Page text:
We had the good fortune of connecting with Steven Norber and we’ve shared our conversation below.
Hi Steven, how has your perspective on work-life balance evolved over time?
I’m not sure where the imprint came from, but the principal of paradox and learning how to learn (hence, making learning a lifelong practice) has helped me to accept that in cadence with balance, an inherent imbalance within life exists–and no matter how much I might idealize the concept of balance, it remains an intellectual concept separate from my day-to-day experience. I mean, the body I live in is not balanced or symmetrical. I have one lung that is slightly smaller to make room for my heart (just like most of us). And it is easy to see the difference between notes written with my right hand versus left.
As the owner of two businesses and co-owner of a third, there are slow times and busy times–and while not absolute, there remain seasons, or predictable times throughout the year where I can anticipate greater and lesser activity (with more time for chess).
And then there are the surprises, like right now, when I have more orders to fill during a time (summer) when the audio business is typically slower.
Needless to say, I remain grateful for the business.
I consider myself lucky to feel like much of the work I do happens to feel like play.
Please tell us more about your work. We’d love to hear what sets you apart from others, what you are most proud of or excited about. How did you get to where you are today professionally. Was it easy? If not, how did you overcome the challenges? What are the lessons you’ve learned along the way. What do you want the world to know about you or your brand and story?
I make it up, day by day. I suspect the function/dynamic of attachment and non-attachment helps keep me engaged with an ongoing process of living and learning–but this does not mean I am without desire for a particular outcome.
Indeed, I have in my “mind’s eye” a goal, be it the sound of an audio product (loudspeakers & amplifiers), or an effective therapy for a client–and it all starts with listening.
I’m not sure what the meaning of easy is, but I know there are others who suffer to a far greater degree than I may ever have the capacity to understand.
As one who struggles with language following a bicycle accident (and consequent head wound) and according to the Meyers-Briggs indicator lands more on the introverted side of the scale, I have less interest in “branding and story,” and more interest in encouraging others to honor their intrinsic capacity to discern, to trust their inner knowing.
Let’s say your best friend was visiting the area and you wanted to show them the best time ever. Where would you take them? Give us a little itinerary – say it was a week long trip, where would you eat, drink, visit, hang out, etc.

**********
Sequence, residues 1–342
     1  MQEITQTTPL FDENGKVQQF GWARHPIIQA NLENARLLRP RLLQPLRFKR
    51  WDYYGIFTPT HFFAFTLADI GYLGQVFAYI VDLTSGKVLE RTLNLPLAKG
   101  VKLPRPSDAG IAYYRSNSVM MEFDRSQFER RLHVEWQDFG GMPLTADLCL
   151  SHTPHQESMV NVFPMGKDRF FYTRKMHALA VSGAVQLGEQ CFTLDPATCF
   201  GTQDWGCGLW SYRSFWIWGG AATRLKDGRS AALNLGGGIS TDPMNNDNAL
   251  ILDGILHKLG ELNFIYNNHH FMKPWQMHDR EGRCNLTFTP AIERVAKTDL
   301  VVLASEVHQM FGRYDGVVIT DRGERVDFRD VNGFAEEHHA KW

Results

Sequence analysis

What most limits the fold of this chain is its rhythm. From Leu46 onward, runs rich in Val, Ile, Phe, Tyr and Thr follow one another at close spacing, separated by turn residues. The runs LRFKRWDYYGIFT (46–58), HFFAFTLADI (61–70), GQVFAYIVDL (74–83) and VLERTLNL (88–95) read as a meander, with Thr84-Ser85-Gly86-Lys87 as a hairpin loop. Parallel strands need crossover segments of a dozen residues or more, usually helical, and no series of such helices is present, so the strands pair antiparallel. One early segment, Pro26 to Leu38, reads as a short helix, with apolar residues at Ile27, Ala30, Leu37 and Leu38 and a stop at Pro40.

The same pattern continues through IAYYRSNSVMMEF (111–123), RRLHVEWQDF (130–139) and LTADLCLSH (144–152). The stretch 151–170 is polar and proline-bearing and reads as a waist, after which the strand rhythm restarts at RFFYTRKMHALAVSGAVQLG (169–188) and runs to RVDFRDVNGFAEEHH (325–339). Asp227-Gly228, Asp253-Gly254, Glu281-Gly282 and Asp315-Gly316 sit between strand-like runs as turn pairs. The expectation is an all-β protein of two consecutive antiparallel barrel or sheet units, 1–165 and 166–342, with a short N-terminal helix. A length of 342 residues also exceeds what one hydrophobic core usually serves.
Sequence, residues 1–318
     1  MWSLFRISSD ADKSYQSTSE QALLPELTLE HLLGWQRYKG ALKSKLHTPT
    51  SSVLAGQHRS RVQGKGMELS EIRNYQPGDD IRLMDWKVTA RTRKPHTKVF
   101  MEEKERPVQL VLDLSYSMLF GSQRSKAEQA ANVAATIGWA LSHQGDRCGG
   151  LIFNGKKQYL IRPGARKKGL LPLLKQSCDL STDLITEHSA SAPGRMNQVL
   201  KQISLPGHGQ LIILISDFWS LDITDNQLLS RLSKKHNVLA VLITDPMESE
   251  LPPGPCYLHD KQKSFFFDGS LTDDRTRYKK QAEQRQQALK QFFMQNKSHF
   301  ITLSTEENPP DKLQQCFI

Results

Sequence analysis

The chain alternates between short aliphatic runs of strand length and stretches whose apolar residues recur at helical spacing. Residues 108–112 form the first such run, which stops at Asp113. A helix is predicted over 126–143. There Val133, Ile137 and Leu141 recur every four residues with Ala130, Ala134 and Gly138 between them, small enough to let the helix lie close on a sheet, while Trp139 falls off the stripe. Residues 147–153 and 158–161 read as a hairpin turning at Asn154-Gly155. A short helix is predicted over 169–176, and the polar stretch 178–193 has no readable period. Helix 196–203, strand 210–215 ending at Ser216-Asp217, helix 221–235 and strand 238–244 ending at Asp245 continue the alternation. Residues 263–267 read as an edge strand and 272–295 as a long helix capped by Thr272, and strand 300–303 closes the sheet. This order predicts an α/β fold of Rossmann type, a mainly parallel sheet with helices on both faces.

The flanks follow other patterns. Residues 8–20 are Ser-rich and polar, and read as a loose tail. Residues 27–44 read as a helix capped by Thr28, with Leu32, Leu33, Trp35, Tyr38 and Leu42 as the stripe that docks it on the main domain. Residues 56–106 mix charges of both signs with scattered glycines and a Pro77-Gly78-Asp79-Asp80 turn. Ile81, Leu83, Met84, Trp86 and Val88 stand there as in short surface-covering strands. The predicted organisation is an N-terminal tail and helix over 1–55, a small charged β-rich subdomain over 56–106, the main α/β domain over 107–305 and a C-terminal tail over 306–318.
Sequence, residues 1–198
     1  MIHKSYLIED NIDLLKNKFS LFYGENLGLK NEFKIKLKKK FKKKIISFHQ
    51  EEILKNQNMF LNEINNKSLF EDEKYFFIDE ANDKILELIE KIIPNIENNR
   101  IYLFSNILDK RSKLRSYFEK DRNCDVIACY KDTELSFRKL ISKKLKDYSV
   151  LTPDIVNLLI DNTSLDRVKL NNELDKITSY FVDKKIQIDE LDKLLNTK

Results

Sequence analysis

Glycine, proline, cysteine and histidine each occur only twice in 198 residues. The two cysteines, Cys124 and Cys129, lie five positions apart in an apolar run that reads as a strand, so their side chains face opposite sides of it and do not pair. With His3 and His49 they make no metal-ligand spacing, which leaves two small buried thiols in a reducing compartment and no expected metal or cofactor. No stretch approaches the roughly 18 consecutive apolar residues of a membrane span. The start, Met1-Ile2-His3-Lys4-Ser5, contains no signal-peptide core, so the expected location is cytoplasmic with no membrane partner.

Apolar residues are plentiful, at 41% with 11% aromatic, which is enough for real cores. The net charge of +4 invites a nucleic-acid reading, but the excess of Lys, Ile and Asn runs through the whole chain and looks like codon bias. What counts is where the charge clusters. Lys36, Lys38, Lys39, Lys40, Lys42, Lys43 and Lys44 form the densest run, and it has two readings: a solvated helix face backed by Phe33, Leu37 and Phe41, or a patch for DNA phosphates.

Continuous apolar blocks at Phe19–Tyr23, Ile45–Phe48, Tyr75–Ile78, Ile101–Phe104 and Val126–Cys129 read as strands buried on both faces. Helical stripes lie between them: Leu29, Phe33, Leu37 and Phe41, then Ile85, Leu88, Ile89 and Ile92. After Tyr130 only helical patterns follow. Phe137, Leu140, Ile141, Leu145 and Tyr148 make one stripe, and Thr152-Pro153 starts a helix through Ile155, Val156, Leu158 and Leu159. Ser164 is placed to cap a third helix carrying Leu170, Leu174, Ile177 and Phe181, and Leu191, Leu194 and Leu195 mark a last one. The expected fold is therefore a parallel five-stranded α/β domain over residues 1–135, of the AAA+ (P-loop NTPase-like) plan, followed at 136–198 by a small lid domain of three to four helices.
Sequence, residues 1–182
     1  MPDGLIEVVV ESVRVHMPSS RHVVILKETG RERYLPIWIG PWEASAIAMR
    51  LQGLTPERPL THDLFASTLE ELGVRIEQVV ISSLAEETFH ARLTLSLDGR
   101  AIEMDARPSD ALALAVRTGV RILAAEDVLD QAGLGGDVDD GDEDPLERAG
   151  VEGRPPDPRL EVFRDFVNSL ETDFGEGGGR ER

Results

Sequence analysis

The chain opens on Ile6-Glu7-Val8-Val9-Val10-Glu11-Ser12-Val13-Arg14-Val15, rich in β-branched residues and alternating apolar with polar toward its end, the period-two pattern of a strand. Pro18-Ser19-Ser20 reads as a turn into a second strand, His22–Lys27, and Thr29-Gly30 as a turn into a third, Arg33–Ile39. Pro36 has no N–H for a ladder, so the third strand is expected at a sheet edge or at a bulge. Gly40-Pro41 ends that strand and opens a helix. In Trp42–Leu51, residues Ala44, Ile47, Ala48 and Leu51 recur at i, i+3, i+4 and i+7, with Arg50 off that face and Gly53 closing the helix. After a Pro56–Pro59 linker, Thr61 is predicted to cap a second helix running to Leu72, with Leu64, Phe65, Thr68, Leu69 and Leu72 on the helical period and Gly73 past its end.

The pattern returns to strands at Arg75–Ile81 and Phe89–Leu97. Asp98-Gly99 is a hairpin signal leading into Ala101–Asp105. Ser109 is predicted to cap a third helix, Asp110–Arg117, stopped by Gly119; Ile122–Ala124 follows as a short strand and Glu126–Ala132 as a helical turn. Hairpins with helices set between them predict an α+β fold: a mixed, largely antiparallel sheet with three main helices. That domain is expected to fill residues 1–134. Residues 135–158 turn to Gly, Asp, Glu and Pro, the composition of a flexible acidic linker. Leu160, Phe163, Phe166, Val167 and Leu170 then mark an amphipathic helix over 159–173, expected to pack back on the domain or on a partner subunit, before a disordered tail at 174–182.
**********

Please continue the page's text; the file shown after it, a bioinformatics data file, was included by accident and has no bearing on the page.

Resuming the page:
If I had a week off with a friend, we would likely spend less time in the city and more time in the hills: hiking and motorcycling in the snow-free months, skate and tele skiing when it falls. That said, the mornings begin with fresh ground/ brewed coffee (70% decaf, 30% caf) at home, followed by a walk to the neighborhood park and some PBY (park bench yoga).
If we were to remain in town for the day, lunch would be at J’s Noodles and New Thai, followed by a visit to the Clyfford Still museum. Other museums in the area would receive our attention, too.
Given music plays a significant role in our lives, my friend would want to play–and attempt to teach me how to play.
As much as I wish this friend would want to play chess, I might have to settle for wishful thinking.
Dinners could be prepared at home (maybe a Beyond Meat burger), or if I had my way, multiple additional visits to J’s would be in order. Taco de Mexico and El Noa Noa would make their way into the week, too.
The Shoutout series is all about recognizing that our success and where we are in life is at least somewhat thanks to the efforts, support, mentorship, love and encouragement of others. So is there someone that you want to dedicate your shoutout to?
From Edison, Tesla, and Patanjali, to current day friends, teachers, and supporters: Dan Pauli, Ying Tan, Todd Garfinkle, Fred Church, BKS Iyengar, Francois Raoult, all former, present, future students, clients, customers, my family, etc–the shoulders upon which I stand are too numerous to list.
Of course, the woman to whom I’m married, Kelly Moore, has been a pillar of unwavering support in all aspects of my life since we met in 1998.
And recently, after listening to several reel-to-reel tape recordings from 1956, courtesy of Richard Brown, I felt a debt to the music industry unlike any I’ve felt before; one I’ve yet to understand how to respond. . .
Our culture’s mythical hyperindividual remains just that, myth, in contrast with the reality of our nature as a social nature and one of interdependence.
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